If you said "Hal Jordan," you're probably 35 plus. If you said Alan Scott, you're probably trying to figure out how the magic box works. For everyone else, one of two names come to mind. Kyle Rayner or John Stewart. (And if you said "Guy Gardner," or "Abin Sur," you're just being difficult). John Stewart was a relatively minor character introduced in the 70s. His early introduction is incredibly different from how most of us know him. He was a walking, talking stereotype, and it was his later inclusion in the Justice League cartoon which elevated him to "the" Green Lantern many of us know today -- to the point where many people were upset that they "replaced" him with Ryan Reynolds in the Green Lantern film. Ironically, John was not the original Green Lantern introduced into the DC Animated Universe (DCAU). Kyle Rayner was introduced in Superman, in a possible back-door pilot. His omission from the Justice League was left unexplained for three seasons, until a random appearance.

John Stewart was picked for the Justice League cartoon because the producers wanted to introduce some diversity to the group, to appeal to a broader audience. This is also why Hawkgirl appeared, rather than Hawkman or Aquaman.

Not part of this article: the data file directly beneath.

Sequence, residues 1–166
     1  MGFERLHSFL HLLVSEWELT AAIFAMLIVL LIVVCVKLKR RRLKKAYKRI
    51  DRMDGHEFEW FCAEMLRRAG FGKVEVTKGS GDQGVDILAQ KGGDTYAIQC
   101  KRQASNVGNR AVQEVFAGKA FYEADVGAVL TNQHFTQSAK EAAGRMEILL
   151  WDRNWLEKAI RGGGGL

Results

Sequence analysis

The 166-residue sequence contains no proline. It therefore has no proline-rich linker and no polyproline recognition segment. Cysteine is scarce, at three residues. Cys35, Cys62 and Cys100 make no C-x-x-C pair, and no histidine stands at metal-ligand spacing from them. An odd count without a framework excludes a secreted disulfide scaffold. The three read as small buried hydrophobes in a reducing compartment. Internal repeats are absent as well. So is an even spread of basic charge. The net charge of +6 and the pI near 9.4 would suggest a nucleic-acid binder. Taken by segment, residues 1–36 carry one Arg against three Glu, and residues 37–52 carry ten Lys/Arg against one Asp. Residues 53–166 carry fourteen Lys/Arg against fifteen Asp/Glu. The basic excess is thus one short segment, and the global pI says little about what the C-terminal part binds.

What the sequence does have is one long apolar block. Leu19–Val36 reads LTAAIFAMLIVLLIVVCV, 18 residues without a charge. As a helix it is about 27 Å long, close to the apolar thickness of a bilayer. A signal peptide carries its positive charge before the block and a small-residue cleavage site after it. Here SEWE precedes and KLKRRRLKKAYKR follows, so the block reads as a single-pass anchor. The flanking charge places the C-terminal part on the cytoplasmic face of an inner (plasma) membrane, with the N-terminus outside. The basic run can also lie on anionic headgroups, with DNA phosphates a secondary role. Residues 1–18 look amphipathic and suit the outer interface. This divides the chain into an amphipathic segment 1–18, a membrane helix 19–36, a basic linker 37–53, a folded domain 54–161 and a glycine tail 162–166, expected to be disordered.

This is also why John Stewart was created. However, creativity seems to be at a low ebbing right now, and no one is creating anything new. Just rebooting. Creating an all new character is risky -- especially when there's so much that has already been done. It's hard to make your brand new character stand out, and you have to gamble on its popularity.

Method Two: Reboot Your Character

This method is much more limited than that of simply creating a new character. Instead of creating an all new character, the next time a character is rebooted, which seems to happen fairly frequently, the character is rebooted as something new. One example of this was the recent reboot of Green Lantern, Alan Scott.

The original Green Lantern, Alan essentially faded away until the New 52. He's never featured prominently in any of the major shows or movies, and is seldom even honoured with a quick "blink and you missed it" cameo. However, he leapt to infamy when, in 2012, his rebooted form became gay.